Summary: The US Dollar jumped on strong demand from global financial institutions seeking short term funds in the world’s most liquid currency to finance their businesses. Which have been struggling to deal with the fallout from the coronavirus spread. US Treasury yields soared. The benchmark 10-year yield closed at 1.08%, a whopping 36 basis points higher. After an initial fall earlier this month due to a drop in US bond yields, the Dollar Index (USD/DXY), a favoured gauge of the US currency’s value against a basket of 6 foreign currencies was up 1.5% to 99.559 from 98.028 yesterday. The Euro, which carries the biggest weight in the Dollar Index, slumped to 1.09548, overnight and near 2-week low before climbing to 1.1000 in late New York. Traders knocked the Australian Dollar which is the most sensitive currency to global growth, down to 0.5959, February 2003 lows before rallying at the NY close to 0.6013, a loss of 1.5%. Against the Yen, the Greenback rallies 1.3% to 107.62 (106.02). The USD/CAD pair climbed to a fresh 4-year high at 1.42759 before easing to 1.4245 as oil prices extended their slide. Brent Crude Oil prices dropped another 4% after Saudi Arabia pledged to increase production. US stocks bounced after the Trump administration pursued a USD 1 trillion plus stimulus package alongside a Fed commercial paper funding facility, first used in 2008. The Dow was last trading at 21,100 (20,485), up 2.6%. The S&P 500 gained 3.35% to 2,528 from 2,425 yesterday.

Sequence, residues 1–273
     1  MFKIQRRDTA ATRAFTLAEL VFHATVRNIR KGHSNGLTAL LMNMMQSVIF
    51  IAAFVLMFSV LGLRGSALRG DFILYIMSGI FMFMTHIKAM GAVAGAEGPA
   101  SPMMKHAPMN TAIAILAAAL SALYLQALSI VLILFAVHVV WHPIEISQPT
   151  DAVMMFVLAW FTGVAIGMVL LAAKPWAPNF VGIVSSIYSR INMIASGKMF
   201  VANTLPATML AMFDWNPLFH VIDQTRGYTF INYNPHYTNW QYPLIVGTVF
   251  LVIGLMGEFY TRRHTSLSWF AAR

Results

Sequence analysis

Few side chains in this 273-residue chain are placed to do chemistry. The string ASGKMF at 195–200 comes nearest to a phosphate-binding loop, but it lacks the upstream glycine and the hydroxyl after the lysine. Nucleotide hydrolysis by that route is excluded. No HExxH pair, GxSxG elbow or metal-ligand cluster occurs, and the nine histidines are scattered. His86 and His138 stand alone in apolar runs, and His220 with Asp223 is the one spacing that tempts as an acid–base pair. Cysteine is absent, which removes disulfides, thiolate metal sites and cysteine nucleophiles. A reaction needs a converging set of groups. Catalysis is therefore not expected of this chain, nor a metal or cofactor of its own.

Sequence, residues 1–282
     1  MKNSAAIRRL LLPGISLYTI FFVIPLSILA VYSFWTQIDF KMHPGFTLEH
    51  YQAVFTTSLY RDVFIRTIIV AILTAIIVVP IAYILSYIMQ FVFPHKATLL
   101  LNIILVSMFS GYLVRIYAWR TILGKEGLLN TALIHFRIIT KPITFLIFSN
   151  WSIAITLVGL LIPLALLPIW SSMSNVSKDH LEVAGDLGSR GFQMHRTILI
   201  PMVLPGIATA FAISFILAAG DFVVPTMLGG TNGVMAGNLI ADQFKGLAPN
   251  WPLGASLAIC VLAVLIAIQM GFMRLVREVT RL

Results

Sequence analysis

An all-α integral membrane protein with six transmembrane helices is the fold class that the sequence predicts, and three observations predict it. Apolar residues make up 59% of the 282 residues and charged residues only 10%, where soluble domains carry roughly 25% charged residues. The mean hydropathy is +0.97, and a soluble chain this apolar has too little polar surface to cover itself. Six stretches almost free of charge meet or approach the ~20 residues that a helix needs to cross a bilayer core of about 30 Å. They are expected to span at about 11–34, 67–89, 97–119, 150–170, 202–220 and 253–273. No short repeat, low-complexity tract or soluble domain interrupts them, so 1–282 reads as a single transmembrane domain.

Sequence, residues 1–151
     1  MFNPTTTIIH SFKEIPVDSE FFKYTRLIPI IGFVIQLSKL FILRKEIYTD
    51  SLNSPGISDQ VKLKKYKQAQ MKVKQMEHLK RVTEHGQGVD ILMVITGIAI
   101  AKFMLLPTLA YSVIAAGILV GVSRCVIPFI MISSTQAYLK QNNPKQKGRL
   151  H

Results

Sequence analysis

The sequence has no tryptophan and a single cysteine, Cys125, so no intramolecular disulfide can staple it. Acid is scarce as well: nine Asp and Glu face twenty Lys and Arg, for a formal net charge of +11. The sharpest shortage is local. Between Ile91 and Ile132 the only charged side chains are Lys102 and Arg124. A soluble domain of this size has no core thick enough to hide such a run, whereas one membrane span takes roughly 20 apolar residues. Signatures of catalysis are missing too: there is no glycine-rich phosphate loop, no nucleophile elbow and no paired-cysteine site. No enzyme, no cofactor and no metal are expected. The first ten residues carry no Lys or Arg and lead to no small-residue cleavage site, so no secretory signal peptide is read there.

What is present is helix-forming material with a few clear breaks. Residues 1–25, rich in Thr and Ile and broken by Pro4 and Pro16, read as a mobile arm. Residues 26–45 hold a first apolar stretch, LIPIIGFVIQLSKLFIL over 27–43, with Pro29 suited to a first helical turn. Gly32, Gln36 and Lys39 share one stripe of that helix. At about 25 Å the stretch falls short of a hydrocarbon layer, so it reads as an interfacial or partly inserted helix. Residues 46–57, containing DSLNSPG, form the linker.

Data released yesterday saw Australia’s House Price Index (Q4) fall to 3.9%, missing forecasts of 4.5%. Japan’s Revised Industrial Production (February) climbed to 1.0%, beating expectations of 0.8%. The UK’s Average Earnings Index (Wages) rose to 3.1% against forecasts of 3.0% and a previous 2.9%. Britain’s Unemployment rate edged up to 3.9% against forecasts of 3.8%. Germany’s ZEW Economic Sentiment Index slumped to -49.5 against forecasts of -29.7. The Eurozone ZEW Economic Sentiment fared no better, falling to -49.5 versus expectations of -23.1. US Headline Retail Sales fell to -0.5%, missing forecasts of 0.2%, and its biggest drop in a year.
On the Lookout: The market’s risk tone improved after Wall Street’s recovery due to the White House stimulus measures and Fed’s relaunch of its financial crisis short term debt purchases. This will ease the pressure for offshore Greenbacks. Meantime the Covid 19 spread in the U.S. continues to grow. Fed Chair Jerome Powell said that the epidemic is having a “profound” impact on the economy. The weakness in sales to its biggest drop in a year is a start.
Trading Perspective: The bounce in the US Dollar and bond yields was the result of liquidity related demand in the commercial funding markets. The Fed has launched its first step to support the commercial paper market. Governments will continue to launch fiscal stimulus to stem the effects of an economic downturn. This will ease demand pressure for the US Dollar and bond yields.
Other global bond yields were also higher but not to the extent of the rise in US rates.
The Dollar’s climb slowed against all the Emerging Market currencies. Against the South African Rand, the USD gained 0.11% to 16.6170. The USD/TRY pair (Turkish Lira) dipped 0.4% to 6.3980. From this writer’s trading experience, the move in the USD/EMS often precedes the USD Majors.
US economic data continue to underperform. The slump in retail sales follows last week’s record fall in US Empire Manufacturing, which is the first regional survey out of the US for March.
Expect further falls in US economic activity as the coronavirus outbreak shuts down businesses in the country. King Dollar will have a difficult time keeping its crown in the days ahead.